Mortal Enemy.  Unlawful Command Influence (UCI) has frequently been called the “mortal enemy of military justice.”   UCI occurs when senior personnel, wittingly or unwittingly, have acted to influence court members, witnesses, or others participating in military justice cases.  Such unlawful influence not only jeopardizes the validity of the judicial process, it undermines the morale of military members, their respect for the chain of command, and public confidence in the military.

While some types of influence are unlawful and prohibited by the Uniform Code of Military Justice (UCMJ), other types of influence are lawful, proper, and in certain circumstances a necessary part of leadership.  The prohibition against UCI does not mean that a commander may abdicate responsibility for correcting disciplinary problems.  Rather, the commander must vigilantly insure that the command action does not encroach upon the independence of the other participants in the military justice system.

Rules In General.  Here are some general rules regarding Unlawful Command Influence:

  1. The Commander may not order a subordinate to dispose of a case in a certain way.  The law gives independent discretion to each commander at every level possessing authority to convene courts-martial.  A senior commander may not try to influence the exercise of that discretion.  However, a senior commander may:
    1. Personally dispose of a case at the level authorized for that offense and for that commander.
    2. Send a case back to a lower-level commander for that subordinate’s independent action.
    3. Send a case to a higher commander with a recommendation for disposition.
    4. Withdraw subordinate authority on particular types of cases.
    5. Order charges pending at a lower level transmitted up for further consideration, including, if appropriate, referral.

Mentor subordinates, but do so recognizing that there exists the potential for misinterpreting the commander’s intentions.

The commander must not have an inflexible policy on the disposition of a case or the punishment to be imposed.  A convening authority must consider each case individually on its own merits.

A commander who is the accuser, may not thereafter act as a convening authority to refer the case to a court-martial.  The commander is considered to be “disqualified” to act as a convening authority and must forward the charges to a superior convening authority.  A commander is considered to be an accuser when he or she:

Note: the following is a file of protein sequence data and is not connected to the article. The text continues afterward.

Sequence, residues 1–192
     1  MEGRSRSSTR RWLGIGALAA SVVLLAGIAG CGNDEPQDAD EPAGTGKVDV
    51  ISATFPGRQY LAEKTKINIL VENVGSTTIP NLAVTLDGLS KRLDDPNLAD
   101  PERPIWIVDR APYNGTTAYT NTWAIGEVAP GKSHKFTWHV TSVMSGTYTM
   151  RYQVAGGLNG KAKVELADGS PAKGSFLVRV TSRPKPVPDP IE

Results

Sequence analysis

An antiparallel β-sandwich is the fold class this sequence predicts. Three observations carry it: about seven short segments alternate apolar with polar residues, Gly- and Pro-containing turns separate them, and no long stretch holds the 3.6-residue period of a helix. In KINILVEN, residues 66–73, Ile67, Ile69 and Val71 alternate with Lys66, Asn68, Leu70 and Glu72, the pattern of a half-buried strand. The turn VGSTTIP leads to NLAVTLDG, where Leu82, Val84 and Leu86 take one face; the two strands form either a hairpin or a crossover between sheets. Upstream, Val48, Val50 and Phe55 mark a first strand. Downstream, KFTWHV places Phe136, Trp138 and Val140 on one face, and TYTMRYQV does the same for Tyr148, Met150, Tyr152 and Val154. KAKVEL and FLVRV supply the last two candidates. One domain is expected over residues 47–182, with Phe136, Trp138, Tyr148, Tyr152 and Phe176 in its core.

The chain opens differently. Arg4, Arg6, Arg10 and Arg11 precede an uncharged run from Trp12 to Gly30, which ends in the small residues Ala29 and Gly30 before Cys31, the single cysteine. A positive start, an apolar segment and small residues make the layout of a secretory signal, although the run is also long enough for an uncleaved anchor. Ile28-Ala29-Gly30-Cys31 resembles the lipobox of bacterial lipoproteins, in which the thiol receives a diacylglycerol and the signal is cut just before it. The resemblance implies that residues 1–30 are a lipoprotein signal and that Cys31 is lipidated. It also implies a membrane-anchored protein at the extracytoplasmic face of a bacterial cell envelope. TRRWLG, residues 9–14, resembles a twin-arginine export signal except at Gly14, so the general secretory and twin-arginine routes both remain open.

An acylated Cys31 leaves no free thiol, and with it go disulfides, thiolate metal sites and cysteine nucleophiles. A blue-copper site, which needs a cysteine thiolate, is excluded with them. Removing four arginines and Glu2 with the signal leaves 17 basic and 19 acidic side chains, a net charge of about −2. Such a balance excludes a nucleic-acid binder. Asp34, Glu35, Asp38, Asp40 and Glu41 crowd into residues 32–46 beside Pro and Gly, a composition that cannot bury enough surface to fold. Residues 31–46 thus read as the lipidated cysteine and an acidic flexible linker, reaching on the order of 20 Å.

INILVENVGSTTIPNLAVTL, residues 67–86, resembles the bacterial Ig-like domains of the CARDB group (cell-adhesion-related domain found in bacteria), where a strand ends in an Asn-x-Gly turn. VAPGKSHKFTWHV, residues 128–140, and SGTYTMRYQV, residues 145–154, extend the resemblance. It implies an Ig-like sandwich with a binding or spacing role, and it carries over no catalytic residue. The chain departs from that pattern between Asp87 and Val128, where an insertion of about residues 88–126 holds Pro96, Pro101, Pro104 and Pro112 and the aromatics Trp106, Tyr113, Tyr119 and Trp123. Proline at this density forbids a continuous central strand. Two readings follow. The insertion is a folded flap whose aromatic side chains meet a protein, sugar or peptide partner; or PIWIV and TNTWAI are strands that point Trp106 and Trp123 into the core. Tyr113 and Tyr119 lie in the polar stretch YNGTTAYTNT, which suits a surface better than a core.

1. Formally signs and swears to the charges on the charge sheet (prefers the charges), or
  2. Directs that the charges be signed and sworn to by another, or
  3. Has an interest, other than an official interest, in the prosecution of the accused.

The commander may neither select nor remove court members in order to obtain a particular result in a particular trial.  Selections must be based upon the criteria contained in Article 25, UCMJ.  Those criteria include: age and experience, education and training, length of service, and judicial temperament.

No pressure may be placed on the military judge or court members to arrive at a particular decision.

No person may invade the independent discretion of the military judge.  Commanders may not question or seek explanation or justification for a judge’s decision.

Witnesses may not be intimidated or discouraged from testifying.

The court decides punishment.  An accused may not be punished before trial, but may be placed in pretrial confinement if there is a risk of flight, if the accused poses a serious threat to the community, or if the accused is likely to engage in further misconduct.

Impartial Review.  When a convening authority reviews the result of a court-martial and determines whether to approve the findings and sentence, he or she does so in a judicial capacity.  As such, the convening authority has a duty to review impartially military justice actions.  The convening authority may not have an inflexible attitude towards clemency.

Share →